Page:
Editorial: Make grand juries more transparent

Releasing some information when indictments aren't handed up would restore public trust in system

When government operates in secret, people tend not to trust what it’s doing.

And in New York state, nothing is much more secret than the grand jury system.

That’s where a group of citizens decides whether there is enough evidence in a serious criminal case to bring a suspect to trial.

Right now, much of what goes on in a grand jury is kept secret from the public.

But secrecy breeds mistrust, particularly when someone the public knows has been charged with a crime is set free without being indicted.

We’ve seen it in cases, for instance, involving police officers accused of assaulting citizens. The citizens might have viewed camera footage or read eyewitness testimony that ultimately contradicts, in their minds, the decision by the grand jury not to indict the officer.

The citizens have a right to know why no indictment was handed up. Yet the blanket of secrecy over the proceedings prevents them from knowing and gives them no recourse for finding out.

That’s why it’s important that when lawmakers return to Albany in January, they reconsider legislation to provide the public with more information about these secret grand jury proceedings.

A bill that passed the Assembly earlier this year (A9787/S5424) would make available to the public certain information from grand jury proceedings in which a defendant charged with a felony is not indicted.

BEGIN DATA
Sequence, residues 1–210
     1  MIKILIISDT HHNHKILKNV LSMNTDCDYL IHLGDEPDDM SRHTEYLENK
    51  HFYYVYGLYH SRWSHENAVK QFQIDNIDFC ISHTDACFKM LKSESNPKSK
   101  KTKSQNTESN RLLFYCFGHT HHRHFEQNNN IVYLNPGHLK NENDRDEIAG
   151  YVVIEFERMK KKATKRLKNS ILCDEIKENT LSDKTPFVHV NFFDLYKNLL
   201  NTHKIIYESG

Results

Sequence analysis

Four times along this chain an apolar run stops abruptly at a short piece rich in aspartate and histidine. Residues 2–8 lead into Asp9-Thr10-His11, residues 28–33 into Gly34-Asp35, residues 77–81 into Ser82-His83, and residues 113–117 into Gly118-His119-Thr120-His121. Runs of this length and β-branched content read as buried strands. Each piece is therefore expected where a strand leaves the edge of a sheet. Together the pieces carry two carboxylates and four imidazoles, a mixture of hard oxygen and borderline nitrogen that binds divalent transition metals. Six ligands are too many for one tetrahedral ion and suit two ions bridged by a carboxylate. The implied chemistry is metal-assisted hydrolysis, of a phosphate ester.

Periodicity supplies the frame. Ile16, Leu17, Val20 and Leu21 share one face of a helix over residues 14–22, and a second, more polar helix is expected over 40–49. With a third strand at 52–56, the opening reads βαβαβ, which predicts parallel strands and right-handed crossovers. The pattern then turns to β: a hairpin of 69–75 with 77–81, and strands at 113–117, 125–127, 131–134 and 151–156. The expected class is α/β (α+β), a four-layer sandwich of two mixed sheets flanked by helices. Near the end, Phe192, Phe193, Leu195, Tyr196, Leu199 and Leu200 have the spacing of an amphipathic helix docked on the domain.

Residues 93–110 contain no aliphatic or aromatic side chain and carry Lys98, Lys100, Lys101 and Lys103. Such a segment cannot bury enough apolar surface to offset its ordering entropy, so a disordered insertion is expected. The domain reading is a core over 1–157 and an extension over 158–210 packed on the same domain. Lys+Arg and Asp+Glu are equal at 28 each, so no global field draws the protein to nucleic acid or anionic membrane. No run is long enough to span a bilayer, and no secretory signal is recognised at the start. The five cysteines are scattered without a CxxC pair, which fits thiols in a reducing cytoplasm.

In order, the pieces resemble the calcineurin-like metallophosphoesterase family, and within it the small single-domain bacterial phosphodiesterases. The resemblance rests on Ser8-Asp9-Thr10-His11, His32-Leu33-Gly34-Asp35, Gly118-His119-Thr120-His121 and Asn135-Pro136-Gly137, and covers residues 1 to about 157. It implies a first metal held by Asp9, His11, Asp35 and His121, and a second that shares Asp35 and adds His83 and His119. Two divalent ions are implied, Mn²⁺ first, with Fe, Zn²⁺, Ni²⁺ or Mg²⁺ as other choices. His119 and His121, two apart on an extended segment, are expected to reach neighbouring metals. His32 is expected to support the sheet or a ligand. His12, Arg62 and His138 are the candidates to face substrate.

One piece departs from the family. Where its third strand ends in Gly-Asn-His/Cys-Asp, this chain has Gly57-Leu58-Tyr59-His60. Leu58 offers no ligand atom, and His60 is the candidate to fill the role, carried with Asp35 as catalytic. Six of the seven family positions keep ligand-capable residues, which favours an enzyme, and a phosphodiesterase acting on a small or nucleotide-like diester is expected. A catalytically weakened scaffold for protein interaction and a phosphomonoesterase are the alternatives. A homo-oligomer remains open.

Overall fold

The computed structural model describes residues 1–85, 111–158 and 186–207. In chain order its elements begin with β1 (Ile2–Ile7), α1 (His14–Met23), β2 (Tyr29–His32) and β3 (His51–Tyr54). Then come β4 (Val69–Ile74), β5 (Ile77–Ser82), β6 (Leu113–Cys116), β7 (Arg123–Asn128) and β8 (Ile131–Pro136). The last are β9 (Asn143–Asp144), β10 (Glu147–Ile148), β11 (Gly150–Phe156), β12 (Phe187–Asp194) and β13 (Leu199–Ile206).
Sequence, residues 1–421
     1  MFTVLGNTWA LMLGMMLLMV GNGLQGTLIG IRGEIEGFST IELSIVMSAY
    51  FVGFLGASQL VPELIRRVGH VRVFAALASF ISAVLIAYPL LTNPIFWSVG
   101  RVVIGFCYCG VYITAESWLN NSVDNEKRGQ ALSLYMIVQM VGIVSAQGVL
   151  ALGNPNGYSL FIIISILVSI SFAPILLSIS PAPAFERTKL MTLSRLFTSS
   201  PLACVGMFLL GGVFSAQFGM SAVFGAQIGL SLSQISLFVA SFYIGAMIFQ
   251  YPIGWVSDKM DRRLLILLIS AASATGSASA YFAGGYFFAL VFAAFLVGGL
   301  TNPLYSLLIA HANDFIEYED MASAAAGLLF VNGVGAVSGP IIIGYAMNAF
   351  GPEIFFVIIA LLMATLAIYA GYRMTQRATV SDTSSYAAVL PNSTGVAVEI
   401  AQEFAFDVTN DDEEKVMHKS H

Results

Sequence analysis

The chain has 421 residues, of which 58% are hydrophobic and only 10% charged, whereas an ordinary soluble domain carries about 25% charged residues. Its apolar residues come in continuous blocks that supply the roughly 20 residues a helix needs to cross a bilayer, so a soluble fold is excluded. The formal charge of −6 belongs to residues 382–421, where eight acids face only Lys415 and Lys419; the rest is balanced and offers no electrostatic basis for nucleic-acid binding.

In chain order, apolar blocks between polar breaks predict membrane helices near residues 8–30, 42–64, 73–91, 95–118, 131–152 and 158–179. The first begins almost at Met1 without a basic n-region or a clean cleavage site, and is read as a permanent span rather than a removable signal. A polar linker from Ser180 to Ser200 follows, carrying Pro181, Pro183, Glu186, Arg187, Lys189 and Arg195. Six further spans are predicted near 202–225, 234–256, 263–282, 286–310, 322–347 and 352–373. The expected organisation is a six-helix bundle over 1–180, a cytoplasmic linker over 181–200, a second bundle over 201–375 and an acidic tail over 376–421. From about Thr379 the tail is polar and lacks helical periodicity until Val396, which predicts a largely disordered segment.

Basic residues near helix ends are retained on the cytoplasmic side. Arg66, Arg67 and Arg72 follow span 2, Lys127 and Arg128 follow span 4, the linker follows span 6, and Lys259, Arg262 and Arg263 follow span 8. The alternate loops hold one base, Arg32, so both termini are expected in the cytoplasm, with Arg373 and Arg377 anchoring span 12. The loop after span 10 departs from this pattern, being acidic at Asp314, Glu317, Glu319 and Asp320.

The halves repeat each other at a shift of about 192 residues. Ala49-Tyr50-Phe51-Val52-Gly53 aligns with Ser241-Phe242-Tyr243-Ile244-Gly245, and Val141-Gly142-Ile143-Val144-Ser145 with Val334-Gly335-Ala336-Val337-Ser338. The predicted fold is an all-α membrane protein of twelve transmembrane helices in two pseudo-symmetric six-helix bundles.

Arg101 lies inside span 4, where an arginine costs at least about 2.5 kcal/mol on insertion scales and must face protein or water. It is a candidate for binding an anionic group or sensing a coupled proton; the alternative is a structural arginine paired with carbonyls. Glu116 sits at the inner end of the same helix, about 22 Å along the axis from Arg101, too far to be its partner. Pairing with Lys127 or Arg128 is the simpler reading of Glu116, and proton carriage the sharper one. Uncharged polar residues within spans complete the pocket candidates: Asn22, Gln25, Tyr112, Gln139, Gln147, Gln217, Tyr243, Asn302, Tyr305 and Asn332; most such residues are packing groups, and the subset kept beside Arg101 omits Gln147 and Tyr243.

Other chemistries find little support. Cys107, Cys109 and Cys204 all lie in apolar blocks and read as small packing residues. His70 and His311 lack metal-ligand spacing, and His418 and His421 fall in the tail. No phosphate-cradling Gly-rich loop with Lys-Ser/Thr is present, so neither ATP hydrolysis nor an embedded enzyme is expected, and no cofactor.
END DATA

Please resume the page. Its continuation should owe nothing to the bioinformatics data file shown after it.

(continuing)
The bill would allow the court — following a hearing involving both the prosecutor and the defendant — to release information to the public, such as the criminal charges submitted, legal instructions given to the grand jury, the testimony of expert witnesses, the testimony of public servants who testified in an official capacity, and the testimony of other private witnesses, with the stipulation that their names and other identifying information could be redacted. 

Both sides in the case would be allowed to make a case for releasing or withholding information, and the court would weigh the negative impacts on the individuals involved and law enforcement efforts of releasing the information.

There are legitimate reasons for keeping grand jury proceedings secret, such as protecting witnesses and jurors from harm and outside influence.

This legislation would allow the courts to retain those protections when warranted, while also giving the public vital information they need to know about why a grand jury acted the way it did.

Not only would this instill more public trust in the criminal justice system, it also would make grand juries more accountable for their decisions.

In both circumstances, the public comes out the winner.

Categories: Editorial, Opinion

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